Apple Tree. I think the food is made in the tree s roots. I think the food is made in the leaves of the tree.

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1 Structure and Function 9 Apple Tree Six friends were picking apples. They each had different ideas about where the apple tree makes the food it needs to live and grow. This is what they said: Molly: Joan: Bonnie: Bev: Susie: Jared: I think the food is made in the tree s roots. I think the food is made in the leaves of the tree. I think the food is made in the apples the tree produces. I think the food is made in the tiny tubes in the trunk and the branches. I think the food is made in the apple blossoms. I disagree with all of you. I don t think apple trees make their own food. Which friend do you agree with the most? Explain why you agree. Uncovering Student Ideas in Life Science 57

2 9 Structure and Function Apple Tree Teacher Notes Purpose The purpose of this assessment probe is to elicit students ideas about the plant structure where photosynthesis takes place. The probe is designed to reveal whether students recognize that food is made within the leaf of a plant. Related Concepts Food, photosynthesis, leaf, plants, energy, chlorophyll, chloroplast Explanation The best response is Joan s: I think the food is made in the leaves of the tree. Trees are plants and, therefore, they make their own food. Plants take in carbon dioxide through their leaves and water through their roots. The chloroplasts in the leaves use energy from sunlight to break apart and reassemble these inorganic molecules into an organic molecule in the form of a simple sugar (glucose), giving off oxygen as a by-product. This process is called photosynthesis and happens inside the chloroplast of a plant cell. Photosynthesis happens primarily in the leaves of plants. You can think of a leaf as a solar collector full of photosynthetic cells. Solar energy strikes the leaf and is captured by the chlorophyll inside the leaf cells chloroplasts. The carbon dioxide for photosynthesis enters the leaves from the air, while the roots take up the water that is needed and the xylem transports it to parts of the plant, including the leaves. Using energy from sunlight absorbed by chlorophyll, these materials are transformed into food (sugar) that is made in the leaves. These sugars travel through vessels in the veins of leaves that transport the food throughout the plant. Oxygen, a by-product of the photosynthetic process, passes out of the leaf into the air. Some of the sugar is also used to make amino acids. Although this is a simplified description of a complex process, the important point is that the leaf is the structure in plants that functions in transforming materials from the 58 National Science Teachers Association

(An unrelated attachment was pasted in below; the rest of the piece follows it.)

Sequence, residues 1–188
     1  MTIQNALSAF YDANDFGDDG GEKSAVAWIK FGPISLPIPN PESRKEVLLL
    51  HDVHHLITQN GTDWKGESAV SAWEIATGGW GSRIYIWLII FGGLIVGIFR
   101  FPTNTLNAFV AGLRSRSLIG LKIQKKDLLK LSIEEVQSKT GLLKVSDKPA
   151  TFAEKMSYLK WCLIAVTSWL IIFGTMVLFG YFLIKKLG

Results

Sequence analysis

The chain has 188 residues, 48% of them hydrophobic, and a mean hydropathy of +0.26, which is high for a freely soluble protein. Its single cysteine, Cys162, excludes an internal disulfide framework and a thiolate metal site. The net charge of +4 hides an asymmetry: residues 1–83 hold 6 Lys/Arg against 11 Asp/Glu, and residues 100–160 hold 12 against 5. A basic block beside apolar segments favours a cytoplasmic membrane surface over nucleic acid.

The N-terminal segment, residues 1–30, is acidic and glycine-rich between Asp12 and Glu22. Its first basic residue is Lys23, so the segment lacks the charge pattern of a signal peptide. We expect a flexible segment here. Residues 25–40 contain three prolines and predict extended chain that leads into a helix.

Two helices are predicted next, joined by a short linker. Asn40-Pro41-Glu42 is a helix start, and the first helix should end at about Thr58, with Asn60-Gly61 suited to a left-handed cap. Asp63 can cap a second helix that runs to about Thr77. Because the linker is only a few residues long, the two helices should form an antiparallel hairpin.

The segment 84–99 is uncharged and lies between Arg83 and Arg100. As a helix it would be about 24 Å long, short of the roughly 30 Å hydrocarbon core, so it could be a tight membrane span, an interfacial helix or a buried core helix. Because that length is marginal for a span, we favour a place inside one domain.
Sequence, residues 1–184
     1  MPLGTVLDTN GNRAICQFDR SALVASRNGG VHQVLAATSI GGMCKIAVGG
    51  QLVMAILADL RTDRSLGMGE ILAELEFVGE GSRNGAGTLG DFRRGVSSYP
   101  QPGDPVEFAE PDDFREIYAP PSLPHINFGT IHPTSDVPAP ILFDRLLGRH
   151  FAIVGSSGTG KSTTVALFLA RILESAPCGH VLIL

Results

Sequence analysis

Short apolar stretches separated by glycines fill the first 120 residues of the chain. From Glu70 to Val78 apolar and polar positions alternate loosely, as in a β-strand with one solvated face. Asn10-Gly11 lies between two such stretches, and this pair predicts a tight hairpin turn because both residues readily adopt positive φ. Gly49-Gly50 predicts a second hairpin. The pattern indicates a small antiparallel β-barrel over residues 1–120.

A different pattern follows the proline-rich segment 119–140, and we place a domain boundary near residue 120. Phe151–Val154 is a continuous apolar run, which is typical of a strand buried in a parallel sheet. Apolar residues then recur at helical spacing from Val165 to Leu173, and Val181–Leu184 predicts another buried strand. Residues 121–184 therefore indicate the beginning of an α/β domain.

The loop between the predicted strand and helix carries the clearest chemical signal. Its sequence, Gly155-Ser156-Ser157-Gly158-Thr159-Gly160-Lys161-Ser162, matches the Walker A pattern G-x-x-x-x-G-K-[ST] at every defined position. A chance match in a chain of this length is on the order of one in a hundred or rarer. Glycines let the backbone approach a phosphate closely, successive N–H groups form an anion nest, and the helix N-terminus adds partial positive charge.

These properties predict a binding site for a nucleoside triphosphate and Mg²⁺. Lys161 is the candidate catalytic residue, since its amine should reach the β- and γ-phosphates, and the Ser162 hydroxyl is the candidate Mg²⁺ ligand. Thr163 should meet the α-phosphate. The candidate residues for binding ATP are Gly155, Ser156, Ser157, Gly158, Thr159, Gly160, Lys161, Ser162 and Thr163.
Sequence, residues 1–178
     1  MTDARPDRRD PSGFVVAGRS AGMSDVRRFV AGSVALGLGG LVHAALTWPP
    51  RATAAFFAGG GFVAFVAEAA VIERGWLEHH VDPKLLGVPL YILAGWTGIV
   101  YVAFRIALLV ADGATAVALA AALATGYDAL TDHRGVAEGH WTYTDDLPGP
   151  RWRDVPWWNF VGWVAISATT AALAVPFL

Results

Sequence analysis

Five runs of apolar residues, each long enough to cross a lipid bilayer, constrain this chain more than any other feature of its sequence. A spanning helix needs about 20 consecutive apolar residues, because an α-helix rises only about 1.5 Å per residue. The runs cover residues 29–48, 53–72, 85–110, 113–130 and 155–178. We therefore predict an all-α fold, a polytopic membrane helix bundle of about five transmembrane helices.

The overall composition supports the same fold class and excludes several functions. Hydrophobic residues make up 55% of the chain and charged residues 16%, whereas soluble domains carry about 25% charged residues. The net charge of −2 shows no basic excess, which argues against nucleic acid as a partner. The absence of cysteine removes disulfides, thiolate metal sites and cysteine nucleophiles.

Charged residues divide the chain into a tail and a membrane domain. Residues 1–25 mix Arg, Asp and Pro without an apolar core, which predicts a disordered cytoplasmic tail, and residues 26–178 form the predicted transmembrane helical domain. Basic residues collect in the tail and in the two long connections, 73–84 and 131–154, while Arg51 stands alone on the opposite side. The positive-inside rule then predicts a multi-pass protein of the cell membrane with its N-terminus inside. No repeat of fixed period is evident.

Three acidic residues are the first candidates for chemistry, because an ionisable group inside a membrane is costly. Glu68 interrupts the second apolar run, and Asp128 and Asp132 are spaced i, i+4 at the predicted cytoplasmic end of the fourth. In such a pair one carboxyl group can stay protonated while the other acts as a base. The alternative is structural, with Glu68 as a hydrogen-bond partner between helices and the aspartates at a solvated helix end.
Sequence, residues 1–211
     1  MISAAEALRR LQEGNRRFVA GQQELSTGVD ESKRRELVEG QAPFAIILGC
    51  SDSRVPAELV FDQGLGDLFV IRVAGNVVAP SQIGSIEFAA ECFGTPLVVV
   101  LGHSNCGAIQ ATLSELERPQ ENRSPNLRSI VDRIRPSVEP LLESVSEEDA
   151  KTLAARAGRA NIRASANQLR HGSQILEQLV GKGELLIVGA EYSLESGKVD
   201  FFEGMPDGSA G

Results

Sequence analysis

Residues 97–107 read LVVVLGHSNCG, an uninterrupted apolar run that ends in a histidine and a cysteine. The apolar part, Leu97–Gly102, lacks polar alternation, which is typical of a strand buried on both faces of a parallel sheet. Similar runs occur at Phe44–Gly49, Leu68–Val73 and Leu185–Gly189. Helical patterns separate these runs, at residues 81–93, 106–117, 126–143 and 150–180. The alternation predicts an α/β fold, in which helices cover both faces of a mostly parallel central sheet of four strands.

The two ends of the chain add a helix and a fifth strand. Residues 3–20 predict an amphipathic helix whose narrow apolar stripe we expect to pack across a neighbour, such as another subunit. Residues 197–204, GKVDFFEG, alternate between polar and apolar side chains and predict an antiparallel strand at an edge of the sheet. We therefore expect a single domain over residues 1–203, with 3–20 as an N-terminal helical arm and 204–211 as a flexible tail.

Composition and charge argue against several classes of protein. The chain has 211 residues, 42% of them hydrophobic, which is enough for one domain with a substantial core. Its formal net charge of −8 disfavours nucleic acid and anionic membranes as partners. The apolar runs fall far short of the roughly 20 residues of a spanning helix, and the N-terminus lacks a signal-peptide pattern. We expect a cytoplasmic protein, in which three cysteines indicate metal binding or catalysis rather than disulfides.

3 Structure and Function 9 environment into food (glucose), which is used as building blocks for the plant. Curricular and Instructional Considerations Elementary Students In the elementary grades, students learn that plants need water, sunlight, nutrients, and air. They learn that plants have structures for getting water (roots) and sunlight (leaves). They learn that stems provide support for the plant and flowers are used in reproduction. They are introduced to the idea that plants make their own food, but the details of the process should wait until middle school. Middle School Students In middle school, students are introduced to the basic process of photosynthesis and the plant structures involved in the process. They learn about the parts of the leaf and the cells involved in the food-making process. They begin to develop an understanding of the distinction between the role of sunlight as a source of energy for the process, the transformation of light energy to chemical energy, and the inorganic materials transformed during the process. They learn about the vascular tissue (xylem and phloem) within the plant that transports water from the roots and food made in the leaves to all parts of the plant. Middle school is also the time when students develop a scientific conception of food that differs from the common, everyday use of the word food. High School Students In high school, students deepen their understanding of photosynthesis by moving from an emphasis on what happens in the leaf to understanding what happens within the cell, especially at the molecular level. They connect their growing understanding of chemistry to the biological process of photosynthesis. They learn about the different types of carbohydrates formed by plants from simple sugar (glucose). They distinguish between the energy provided by sunlight and the energy released from the chemical bonds formed between atoms that make up the molecules of sugar. Administering the Probe This probe is best used at the upper elementary and middle level, before students learn about the structure and function of plants. It can also be used with high school students before they learn about photosynthesis to determine if their earlier misconceptions are still present. Related Ideas in National Science Education Standards (NRC 1996) K 4 The Characteristics of Organisms Organisms have basic needs. For example, animals need air, water, and food; plants require air, water, nutrients, and light. Each plant or animal has different structures that serve different functions in growth, survival, and reproduction. 5 8 Structure and Function in Living Systems Specialized cells perform specialized functions in multicellular organisms. Groups of specialized cells cooperate to form a tissue. 5 8 Populations and Ecosystems Plants and some microorganisms are producers they make their own food. For ecosystems, the major source of energy is sunlight. Energy entering ecosystems as sunlight is transferred by producers into chemical energy by photosynthesis The Cell Plant cells contain chloroplasts, the site of photosynthesis. Plants and many micro- Indicates a strong match between the ideas elicited by the probe and a national standard s learning goal. Uncovering Student Ideas in Life Science 59